This may well have been one of the more romantic moments in film history. Certainly, it made the Hawaiian Wedding Song one of the more popular songs at weddings in Hawaii and beyond. And in my mind, it reinforced my perception of Elvis as one of the best singers of romantic ballads in American popular music. He may have been the King of Rock and Roll but the versatility of his voice was something to marvel at, and in no song was that versatility illustrated more prominently than in the Hawaiian Wedding Song.

I like Can’t Help Falling in Love (With You), too, which I used to sing in my raspy, atonal, tuneless voice to my wife.

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My Ten Resolutions for Twenty Ten

1. Use the phrase Twenty Ten as often as possible. I like the sight and sound of it when I say it out loud.

2. Continue posting sporadically because my mind is still too screwed up for regularity.

3. Neither write nor say negatives about people. My old aunt used to tell me, “Unless you can say something good about others, keep quiet.” A rule that is hard to follow in every instance, but worth the effort.

4. Read more books about cowboys.

5. Write at least one positive post about Sarah Palin. I may have to hire a ghost writer for this one. But, then, she has nice legs.

6. Figure out how much detergent to pour in the washing machine to avoid flooding the floor of the laundry room with suds.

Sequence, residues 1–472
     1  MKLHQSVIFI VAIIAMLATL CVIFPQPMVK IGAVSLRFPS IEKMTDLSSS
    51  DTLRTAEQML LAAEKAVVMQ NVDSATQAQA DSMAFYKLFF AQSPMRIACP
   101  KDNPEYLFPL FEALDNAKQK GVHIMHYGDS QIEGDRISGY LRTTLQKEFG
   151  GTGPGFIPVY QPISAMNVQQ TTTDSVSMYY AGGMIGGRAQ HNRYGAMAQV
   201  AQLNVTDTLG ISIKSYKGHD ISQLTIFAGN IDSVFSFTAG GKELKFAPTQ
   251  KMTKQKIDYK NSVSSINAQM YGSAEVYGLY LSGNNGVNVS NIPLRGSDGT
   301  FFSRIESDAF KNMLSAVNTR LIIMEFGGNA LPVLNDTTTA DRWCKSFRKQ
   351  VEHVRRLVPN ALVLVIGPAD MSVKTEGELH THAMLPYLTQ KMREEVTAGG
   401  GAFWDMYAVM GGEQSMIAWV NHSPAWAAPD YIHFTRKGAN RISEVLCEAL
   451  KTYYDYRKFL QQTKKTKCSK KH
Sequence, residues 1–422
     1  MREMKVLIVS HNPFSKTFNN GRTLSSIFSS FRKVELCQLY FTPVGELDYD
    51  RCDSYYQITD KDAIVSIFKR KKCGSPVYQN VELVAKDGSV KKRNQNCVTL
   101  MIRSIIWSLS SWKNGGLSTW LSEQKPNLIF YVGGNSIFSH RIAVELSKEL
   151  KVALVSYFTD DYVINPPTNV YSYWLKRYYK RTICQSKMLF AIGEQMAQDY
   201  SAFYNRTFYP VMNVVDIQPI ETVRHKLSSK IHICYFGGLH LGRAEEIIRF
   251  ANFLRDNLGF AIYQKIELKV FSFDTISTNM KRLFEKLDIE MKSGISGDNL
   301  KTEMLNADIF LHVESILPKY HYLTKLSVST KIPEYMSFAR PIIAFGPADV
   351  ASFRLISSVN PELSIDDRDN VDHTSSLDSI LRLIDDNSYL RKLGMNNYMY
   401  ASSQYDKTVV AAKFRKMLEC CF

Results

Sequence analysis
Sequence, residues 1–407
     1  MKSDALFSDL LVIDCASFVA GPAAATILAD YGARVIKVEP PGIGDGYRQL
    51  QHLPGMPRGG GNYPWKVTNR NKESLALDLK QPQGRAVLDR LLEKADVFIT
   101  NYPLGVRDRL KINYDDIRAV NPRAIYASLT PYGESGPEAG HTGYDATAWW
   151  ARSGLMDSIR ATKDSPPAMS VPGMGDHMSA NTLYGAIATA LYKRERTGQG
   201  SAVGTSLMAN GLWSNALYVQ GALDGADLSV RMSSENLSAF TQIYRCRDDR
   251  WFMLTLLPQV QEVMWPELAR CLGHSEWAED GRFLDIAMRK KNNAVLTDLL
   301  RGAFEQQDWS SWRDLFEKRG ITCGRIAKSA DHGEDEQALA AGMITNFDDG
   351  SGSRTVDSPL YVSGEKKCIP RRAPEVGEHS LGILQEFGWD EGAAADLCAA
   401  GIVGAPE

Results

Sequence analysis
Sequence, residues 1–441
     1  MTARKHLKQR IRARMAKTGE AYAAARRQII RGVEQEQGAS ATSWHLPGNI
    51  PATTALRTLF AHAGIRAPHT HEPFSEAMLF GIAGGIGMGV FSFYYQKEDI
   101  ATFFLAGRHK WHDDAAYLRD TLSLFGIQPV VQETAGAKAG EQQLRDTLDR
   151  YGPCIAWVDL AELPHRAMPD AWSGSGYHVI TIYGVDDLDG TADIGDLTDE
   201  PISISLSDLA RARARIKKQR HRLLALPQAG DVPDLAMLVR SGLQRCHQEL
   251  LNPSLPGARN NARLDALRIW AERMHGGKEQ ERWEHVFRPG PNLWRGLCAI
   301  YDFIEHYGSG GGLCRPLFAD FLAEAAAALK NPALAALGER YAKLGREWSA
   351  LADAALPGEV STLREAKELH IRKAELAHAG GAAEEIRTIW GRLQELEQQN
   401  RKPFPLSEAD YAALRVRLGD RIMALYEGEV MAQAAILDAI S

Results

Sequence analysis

7. Maybe hire a housekeeper. I say maybe because this is still a little bit iffy. A cook would be better. I’m sick and tired of cold Vienna Sausage.

8. Tell my neighbor, who is a police officer, how much I appreciate her help and thoughtfulness after my wife’s passing.

9. Sell my house so I can move on; perhaps find a new life somewhere. This will be very difficult, but I need to try.

10. Maybe teach again. Another hard goal to achieve. I have lost patience with students who perceive college as a place of encounter rather than as an arena for learning.

Okey, dokey. I’ve shown you mine. Now show me yours.

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Be honest now. If you were given a choice between an all expenses paid vacation to Chicago or Rio de Janeiro, which one would you choose.

Personally, I’d choose Rio. I’ve never been there so the town would offer a new experience. Just looking for the Girl from Ipanema would take a week or more.

Chicago is so, well, so American. America is a great country, but it’s pretty similar in most geographical areas. Sure, there are beautiful mountains, grand vistas, lakes, rivers, fields of amber waves of grain, ocean waves crashing against seashores, wild horse preserves where magnificent animals run free, and cypress swamps where old-growth timber still thrives.

The trouble is, none of this is in Chicago. Oh, sure, Chi has its wind from Lake Michigan and a beautiful lakeshore drive. And there’s the Sears Tower, a wonderful example of American architecture and engineering innovation.